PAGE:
• by gregor-e (136142) on Monday March 10, 2008 @07:44AM (#22699276) Homepage
    Cats are notorious as reservoirs of Toxoplasma gondii [wikipedia.org], a parasitic protozoa that infects an estimated one-third of the world's population. This parasite causes behaviorial changes in rats that are infected, damping their fear response to the odor of cats, making Toxoplasma less a parasite for the cat and more of a synergist. In humans, Toxoplasma are thought to influence behavior enough that varying infection rates between cultures is thought to explain cultural differences of character. Perhaps they also have a beneficial side-effect on cardiovascular health, explaining the correlation between cat ownership and this observation?
  • This is a perfect example of Slashdot. The top story is about how owning a cat lowers your risk of a heart attack and stroke, with a comment that correlation does not imply causation, and three stories down is a piece about bad science journalism. =-)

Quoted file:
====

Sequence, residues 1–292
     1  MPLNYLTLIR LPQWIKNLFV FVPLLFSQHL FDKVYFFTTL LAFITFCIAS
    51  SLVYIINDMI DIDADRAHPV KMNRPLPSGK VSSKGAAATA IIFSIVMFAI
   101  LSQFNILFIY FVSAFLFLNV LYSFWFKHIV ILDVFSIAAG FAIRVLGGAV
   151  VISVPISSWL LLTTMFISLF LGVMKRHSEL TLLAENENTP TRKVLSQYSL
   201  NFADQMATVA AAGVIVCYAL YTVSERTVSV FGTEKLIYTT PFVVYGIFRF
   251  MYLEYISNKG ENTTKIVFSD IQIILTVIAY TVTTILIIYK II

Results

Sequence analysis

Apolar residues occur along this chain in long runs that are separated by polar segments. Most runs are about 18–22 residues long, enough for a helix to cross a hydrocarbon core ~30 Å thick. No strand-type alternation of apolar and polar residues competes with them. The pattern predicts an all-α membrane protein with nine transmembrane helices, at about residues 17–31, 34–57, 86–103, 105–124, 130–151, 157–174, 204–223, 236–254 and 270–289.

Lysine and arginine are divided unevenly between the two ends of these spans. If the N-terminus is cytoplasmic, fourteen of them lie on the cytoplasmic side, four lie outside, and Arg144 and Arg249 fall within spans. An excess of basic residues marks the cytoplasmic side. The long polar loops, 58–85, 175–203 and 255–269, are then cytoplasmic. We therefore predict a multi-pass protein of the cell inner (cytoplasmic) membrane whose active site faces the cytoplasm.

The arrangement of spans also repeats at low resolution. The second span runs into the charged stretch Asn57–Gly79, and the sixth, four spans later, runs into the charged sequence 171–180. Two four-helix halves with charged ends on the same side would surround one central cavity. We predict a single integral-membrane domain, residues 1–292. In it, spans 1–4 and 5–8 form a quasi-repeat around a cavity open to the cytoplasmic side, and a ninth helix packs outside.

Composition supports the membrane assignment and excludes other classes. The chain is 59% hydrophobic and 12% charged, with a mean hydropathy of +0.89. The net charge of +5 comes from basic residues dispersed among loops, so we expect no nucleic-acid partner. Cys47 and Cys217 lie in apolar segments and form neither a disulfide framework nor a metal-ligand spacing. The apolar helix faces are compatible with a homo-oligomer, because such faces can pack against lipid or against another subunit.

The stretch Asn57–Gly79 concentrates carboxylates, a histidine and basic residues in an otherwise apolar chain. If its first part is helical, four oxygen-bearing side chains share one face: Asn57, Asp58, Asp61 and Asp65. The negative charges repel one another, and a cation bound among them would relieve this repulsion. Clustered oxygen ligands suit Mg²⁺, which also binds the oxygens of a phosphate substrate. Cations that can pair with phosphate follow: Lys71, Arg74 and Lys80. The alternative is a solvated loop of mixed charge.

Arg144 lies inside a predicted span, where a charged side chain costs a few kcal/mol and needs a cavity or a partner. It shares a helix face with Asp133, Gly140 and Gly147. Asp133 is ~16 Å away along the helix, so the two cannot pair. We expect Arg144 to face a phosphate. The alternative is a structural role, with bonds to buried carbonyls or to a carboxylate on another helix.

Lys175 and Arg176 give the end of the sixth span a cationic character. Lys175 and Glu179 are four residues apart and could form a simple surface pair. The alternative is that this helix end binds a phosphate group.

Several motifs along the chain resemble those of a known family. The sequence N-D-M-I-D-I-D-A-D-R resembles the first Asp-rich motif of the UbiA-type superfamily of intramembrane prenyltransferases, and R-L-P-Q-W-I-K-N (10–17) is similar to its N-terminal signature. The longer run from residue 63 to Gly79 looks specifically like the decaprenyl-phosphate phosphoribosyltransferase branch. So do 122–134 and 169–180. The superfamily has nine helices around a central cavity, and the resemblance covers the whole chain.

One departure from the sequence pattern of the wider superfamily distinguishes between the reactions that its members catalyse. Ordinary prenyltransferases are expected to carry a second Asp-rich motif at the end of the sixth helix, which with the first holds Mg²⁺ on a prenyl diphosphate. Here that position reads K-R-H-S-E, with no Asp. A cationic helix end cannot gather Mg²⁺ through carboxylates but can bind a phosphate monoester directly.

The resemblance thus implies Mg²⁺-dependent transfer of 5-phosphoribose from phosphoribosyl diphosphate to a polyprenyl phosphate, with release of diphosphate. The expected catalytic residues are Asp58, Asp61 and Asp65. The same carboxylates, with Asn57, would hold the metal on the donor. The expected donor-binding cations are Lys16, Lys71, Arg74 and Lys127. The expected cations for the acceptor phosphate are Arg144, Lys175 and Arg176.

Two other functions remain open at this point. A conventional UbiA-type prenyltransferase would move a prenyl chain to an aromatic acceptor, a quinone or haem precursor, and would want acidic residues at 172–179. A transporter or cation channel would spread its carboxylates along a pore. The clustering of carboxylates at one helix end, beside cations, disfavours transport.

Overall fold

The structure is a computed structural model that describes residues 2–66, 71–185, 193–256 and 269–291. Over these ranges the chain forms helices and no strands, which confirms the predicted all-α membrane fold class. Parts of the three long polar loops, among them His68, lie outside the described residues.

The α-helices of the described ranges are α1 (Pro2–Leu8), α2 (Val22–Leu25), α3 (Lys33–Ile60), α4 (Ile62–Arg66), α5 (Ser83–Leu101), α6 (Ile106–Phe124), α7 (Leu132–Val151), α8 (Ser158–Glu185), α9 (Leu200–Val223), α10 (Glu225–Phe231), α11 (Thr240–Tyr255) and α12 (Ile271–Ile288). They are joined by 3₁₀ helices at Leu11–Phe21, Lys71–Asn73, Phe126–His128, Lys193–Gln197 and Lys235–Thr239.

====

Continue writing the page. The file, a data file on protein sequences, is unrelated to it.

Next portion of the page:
• I'm much more relaxed (less stressed with lower blood pressure) since I got a kitty kat. Having a cat simply puts things in perspective sometimes, and the contact and love you get from them is wonderful. And they are hilarious!

    It's not necessarily a direct link to longer life, but most things aren't. Lead a relaxed loving life and at least you'll have enjoyed it, even if you do cark it early and your cat can't save you.
  • Ownership?? (Score:3, Funny)

    by Nonillion (266505) on Monday March 10, 2008 @07:51AM (#22699338)
    You mean Guardianship. Humans need to discard the notion that "animals" are nothing more than property. You don't own an animal anymore than you would own your children. They have personalities, wants and needs just like us humans. I have three cats, they are family members, not some inanimate objects that act like they're alive.
    • Re: (Score:3, Funny)

      by yivi (236776)
      And yet you say "I have three cats", and not "three cats live with me" or something of the sort.

      If you are going to be ridiculously politically correct, please go all the way.

      Thanks and regards.

      I.-
    • Re: (Score:3, Informative)

      by Corf (145778)